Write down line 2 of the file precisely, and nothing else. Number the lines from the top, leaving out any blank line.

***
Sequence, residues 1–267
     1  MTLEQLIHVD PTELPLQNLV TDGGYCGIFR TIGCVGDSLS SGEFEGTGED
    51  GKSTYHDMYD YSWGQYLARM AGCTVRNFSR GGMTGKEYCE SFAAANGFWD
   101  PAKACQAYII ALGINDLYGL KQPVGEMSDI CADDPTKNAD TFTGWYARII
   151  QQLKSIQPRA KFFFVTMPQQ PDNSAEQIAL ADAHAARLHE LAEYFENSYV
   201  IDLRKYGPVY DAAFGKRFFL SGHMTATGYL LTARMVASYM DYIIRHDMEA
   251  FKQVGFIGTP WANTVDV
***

     1  MTLEQLIHVD PTELPLQNLV TDGGYCGIFR TIGCVGDSLS SGEFEGTGED